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3 hidden dangers of hot yoga and other exercise fads

'Heated' workouts can pose health risks, so be careful

Published: February 2014

For some, hot yoga is the ultimate chill breaker. One popular style, Bikram yoga, is done in a room heated to at least 105⁰ F. Fans say it helps you “sweat out toxins” and achieve deeper poses. Lady Gaga, Madonna, and Gwyneth Paltrow are among the celebrities recently spotted sweating it out. Its popularity has spawned several other sizzling exercise trends, including heated indoor cycling, hot Pilates, and (ballet) Barre “burn” classes. The problem is that these classes have safety risks.

Julianne Pepe, 28, of Tarrytown, N.Y., had a terrible experience at her first hot yoga class. She was in good shape but quickly became lightheaded and dizzy. She asked to go out for some water, a request that was clearly frowned upon. She finished the 90-minute session, but she felt exhausted and sick for the rest of the day.

“There is little research about yoga, much less hot yoga, and most of what’s available has been poorly done,” the exercise physiologist Carol Ewing Garber, Ph.D., of the American College of Sports Medicine, said. But she points to other research about physical activity in hot settings and says there is reason for concern. Here are three risks of hot workouts.

Problem: Heat stroke

Why it happens: Exercising in the heat (outdoors or indoors) can overwhelm your body’s ability to control its core temperature. That can lead to heat stroke, a potentially fatal condition in which your heart, liver, kidney, and other organs shut down. In the last 20 years, 40 high school football players have died from heat stroke caused by workouts in hot weather, according to the National Center for Catastrophic Sport Injury Research at the University of North Carolina. Far less serious, but more common, is what happened to Pepe: heat exhaustion. That can cause muscle cramps and can make you light-headed, dizzy, and physically wiped out.  

What to do: Drink plenty of fluids and watch out for the early signs of heat stroke, including dizziness and exhaustion. Stop if you start to feel feverish, dizzy, lightheaded, confused, or nauseated. Be especially cautious you’re at increased risk of heat illness because of your age (50 or older), your health (you are pregnant, or have heart disease, diabetes, or lung diseases), or the drugs you take (antidepressants, alpha-blockers and beta-blockers, antipsychotics, diuretics, antihistamines, and anticholinergic drugs).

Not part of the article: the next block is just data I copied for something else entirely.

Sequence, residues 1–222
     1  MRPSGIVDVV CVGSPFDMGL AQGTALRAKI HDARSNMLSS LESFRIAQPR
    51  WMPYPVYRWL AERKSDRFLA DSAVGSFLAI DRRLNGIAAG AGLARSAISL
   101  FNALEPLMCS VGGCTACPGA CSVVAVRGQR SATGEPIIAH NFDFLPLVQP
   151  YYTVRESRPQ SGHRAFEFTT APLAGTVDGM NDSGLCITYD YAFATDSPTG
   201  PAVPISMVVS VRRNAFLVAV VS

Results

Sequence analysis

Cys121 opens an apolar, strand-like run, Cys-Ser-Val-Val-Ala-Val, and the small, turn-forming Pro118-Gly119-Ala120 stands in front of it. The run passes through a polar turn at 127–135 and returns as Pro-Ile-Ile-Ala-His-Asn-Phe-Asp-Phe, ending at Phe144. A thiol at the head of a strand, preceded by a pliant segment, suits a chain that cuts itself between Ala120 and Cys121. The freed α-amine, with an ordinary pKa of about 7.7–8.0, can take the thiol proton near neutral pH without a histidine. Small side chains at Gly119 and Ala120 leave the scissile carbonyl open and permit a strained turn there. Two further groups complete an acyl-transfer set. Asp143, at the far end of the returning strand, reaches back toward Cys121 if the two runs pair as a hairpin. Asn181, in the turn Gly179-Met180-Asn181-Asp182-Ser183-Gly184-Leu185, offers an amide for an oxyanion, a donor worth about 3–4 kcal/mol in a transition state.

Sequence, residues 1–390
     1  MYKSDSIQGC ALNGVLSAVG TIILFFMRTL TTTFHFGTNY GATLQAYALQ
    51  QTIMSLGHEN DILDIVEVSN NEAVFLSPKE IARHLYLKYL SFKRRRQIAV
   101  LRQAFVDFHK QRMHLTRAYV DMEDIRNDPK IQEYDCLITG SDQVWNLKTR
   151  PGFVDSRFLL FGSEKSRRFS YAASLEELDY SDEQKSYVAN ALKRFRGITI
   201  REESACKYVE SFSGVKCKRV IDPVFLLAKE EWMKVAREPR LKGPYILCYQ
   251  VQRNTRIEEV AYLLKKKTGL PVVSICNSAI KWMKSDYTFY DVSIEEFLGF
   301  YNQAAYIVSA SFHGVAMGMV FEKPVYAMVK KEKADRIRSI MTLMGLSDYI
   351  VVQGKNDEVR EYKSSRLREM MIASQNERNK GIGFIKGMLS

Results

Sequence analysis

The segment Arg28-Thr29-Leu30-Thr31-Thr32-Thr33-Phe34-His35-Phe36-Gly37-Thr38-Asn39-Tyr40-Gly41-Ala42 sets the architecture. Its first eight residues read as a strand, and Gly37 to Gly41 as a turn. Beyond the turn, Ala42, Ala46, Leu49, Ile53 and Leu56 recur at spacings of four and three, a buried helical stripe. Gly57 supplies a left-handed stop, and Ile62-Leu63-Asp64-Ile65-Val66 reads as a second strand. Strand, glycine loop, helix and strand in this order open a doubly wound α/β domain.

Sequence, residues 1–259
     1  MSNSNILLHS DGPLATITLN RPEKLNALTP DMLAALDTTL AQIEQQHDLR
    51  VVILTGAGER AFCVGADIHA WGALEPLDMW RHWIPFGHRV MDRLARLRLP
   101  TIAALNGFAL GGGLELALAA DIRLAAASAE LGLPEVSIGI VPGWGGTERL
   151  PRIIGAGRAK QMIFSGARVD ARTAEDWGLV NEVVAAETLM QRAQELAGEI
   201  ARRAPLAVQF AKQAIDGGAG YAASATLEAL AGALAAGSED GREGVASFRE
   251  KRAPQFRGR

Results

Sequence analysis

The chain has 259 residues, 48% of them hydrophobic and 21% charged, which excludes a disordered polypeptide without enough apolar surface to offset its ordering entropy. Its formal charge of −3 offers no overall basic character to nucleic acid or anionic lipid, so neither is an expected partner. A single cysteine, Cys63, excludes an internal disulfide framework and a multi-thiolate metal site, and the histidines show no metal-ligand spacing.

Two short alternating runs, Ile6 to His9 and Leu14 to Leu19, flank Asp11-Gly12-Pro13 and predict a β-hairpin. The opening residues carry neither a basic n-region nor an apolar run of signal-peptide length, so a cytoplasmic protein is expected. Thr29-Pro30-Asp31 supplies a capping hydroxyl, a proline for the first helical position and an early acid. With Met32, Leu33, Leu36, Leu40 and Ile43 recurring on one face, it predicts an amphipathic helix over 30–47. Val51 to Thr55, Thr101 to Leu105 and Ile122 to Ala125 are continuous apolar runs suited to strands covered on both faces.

Problem: Joint and muscle damage

Why it happens: Some people think they can stretch deeper in the heat. “Although it may feel good, overstretching your muscles actually backfires,” Win Chang, M.D., clinical professor of orthopedic surgery at New York University’s Hospital for Joint Diseases, said. That can lead to joint problems, inflammation, and arthritis. Orthopedic surgeons are seeing more and more yoga injuries, says Chang.

What to do: Avoid overstretching. You should feel tension, not pain. Hold the stretch; never bounce. That can cause small muscle tears.

Problem: Infection

Why it happens: Hot, humid gyms can be a breeding ground for germs.
What to do:  Don’t share mats, towels, or clothing with others. If you use a gym mat, cover it with a clean towel, or clean with alcohol spray or wipes. Bandage any cuts or scrapes. And if the room is dirty or wet with sweat, leave.

Orly Avitzur, M.D.

Medical Adviser
   

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